Amid an Urgent Public Health Crisis, a Bid to Find Better Ways to Curb Opioid Abuse Inside Philanthropy

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Against a backdrop of steadily soaring opioid-related death rates in the U.S., state agencies and private funders are pairing up to tackle the complex problem of opioid use disorder. A new program, recently announced by the Michigan Opioid Partnership and Governor Gretchen Witmer, aims to serve as a model of best practices for other states, especially those with large rural populations, in addressing opioid addiction.

The $5 million series of grants will fund the removal of barriers to effective treatment for opioid use disorder at all levels, from training and prevention to coordination, implementation and data collection.

In particular, the initiative will underwrite evidence-based, medication-assisted treatment (MAT) programs in select Michigan hospitals and correctional facilities. These pilot programs, funders suggest, will hopefully serve as the training grounds for more widespread adoption of evidence-based MAT throughout Michigan.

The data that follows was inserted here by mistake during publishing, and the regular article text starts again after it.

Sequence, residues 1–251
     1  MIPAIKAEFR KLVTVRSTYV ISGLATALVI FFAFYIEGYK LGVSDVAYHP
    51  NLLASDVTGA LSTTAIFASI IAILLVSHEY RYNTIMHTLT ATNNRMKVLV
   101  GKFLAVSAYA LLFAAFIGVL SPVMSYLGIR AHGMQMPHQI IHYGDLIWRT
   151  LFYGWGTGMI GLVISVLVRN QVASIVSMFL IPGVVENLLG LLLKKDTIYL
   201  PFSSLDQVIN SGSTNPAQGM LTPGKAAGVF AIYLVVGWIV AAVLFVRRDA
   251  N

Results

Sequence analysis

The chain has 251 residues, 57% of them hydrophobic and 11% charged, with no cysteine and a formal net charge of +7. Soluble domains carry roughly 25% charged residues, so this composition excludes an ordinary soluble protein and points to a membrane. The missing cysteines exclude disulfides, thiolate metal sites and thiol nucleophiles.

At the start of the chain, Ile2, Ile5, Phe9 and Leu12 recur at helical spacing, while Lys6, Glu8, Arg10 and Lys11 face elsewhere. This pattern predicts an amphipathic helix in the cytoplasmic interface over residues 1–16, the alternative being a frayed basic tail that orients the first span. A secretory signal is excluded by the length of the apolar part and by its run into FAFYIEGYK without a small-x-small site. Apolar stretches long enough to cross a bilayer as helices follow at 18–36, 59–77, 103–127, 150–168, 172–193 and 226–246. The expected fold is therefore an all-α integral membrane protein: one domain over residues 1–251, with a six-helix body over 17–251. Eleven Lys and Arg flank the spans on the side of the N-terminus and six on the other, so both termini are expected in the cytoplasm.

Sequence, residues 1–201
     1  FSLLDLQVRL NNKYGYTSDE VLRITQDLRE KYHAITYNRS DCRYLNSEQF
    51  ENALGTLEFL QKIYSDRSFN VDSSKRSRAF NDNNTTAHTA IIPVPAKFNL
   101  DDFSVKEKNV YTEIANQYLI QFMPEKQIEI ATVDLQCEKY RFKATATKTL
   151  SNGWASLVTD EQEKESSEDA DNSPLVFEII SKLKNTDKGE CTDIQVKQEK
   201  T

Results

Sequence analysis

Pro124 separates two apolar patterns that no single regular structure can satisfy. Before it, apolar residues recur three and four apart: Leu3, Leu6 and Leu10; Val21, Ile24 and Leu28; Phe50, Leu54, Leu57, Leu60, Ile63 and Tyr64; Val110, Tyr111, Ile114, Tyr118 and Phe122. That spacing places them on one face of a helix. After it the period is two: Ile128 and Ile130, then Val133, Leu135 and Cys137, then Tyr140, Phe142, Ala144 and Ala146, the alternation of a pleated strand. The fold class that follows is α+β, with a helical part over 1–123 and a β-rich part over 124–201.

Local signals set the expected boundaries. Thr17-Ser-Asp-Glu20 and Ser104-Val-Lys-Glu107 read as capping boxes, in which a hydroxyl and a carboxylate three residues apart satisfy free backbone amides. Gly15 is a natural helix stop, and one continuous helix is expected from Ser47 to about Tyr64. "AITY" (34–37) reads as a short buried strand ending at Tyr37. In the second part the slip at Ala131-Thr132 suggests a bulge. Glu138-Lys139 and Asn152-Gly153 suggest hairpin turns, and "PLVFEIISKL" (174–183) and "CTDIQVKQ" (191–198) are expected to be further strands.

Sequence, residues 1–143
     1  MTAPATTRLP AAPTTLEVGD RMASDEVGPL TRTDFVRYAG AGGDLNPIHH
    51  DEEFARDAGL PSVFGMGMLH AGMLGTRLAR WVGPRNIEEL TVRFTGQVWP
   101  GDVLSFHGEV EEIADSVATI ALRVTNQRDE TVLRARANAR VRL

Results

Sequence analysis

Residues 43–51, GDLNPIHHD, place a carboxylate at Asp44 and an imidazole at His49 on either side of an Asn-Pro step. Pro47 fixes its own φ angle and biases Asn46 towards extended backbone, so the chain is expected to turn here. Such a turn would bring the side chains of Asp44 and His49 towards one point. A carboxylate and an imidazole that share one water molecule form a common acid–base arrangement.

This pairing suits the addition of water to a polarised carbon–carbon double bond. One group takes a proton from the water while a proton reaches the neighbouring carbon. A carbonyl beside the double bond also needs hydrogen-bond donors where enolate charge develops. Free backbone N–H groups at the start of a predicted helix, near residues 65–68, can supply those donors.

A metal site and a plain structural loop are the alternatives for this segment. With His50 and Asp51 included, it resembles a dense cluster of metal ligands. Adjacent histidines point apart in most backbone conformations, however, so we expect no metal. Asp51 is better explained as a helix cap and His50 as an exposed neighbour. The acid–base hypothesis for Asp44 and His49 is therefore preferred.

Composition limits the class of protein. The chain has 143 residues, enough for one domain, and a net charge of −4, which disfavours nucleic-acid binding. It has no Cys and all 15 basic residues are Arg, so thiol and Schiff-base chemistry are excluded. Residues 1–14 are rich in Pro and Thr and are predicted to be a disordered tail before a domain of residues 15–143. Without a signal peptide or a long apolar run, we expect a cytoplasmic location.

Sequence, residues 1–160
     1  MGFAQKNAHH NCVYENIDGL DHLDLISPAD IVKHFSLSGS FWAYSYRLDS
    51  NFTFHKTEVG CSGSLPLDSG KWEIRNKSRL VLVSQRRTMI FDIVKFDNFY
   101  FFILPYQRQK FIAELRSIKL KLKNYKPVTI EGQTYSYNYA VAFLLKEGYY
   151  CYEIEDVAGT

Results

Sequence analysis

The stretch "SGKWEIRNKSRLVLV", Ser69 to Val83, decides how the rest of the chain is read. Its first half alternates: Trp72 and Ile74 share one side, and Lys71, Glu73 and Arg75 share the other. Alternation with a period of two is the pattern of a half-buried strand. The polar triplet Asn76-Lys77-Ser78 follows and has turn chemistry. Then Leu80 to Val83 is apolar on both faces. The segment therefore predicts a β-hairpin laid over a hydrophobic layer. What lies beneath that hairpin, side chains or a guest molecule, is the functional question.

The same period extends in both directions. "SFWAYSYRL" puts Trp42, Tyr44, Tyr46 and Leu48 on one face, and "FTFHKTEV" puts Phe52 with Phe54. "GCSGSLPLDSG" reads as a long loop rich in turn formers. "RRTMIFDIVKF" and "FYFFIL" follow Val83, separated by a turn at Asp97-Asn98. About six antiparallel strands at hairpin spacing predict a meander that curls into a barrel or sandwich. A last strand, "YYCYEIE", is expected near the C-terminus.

Sarah Wedepohl, program officer of the Community Foundation for Southeast Michigan, says that the initiative represents a significant first for the state. “The collaborative is unique in that it’s made up of public and private funders, including philanthropy, state government and an insurance company,” she says. “So in that sense, we’re uniting for the first time around a medical issue in the state of Michigan.”

The collaborative includes the governor’s office, as well as the Michigan Opioid Partnership—the Michigan Department of Health and Human Services, Blue Cross Blue Shield of Michigan, Blue Cross Blue Shield of Michigan Foundation, the Community Foundation for Southeast Michigan, the Ethel and James Flinn Foundation, the Jewish Fund, the Michigan Health Endowment Fund and the Superior Health Foundation.

Wedepohl explains that the collaborative’s funding efforts will hopefully move the state toward a flexible, multimodal approach to treatment: Emphasizing a “no wrong door” approach to curbing opioid addiction, encouraging widespread adoption of medication-assisted treatment, prioritizing rural areas, and modeling a form of care that puts patients first.


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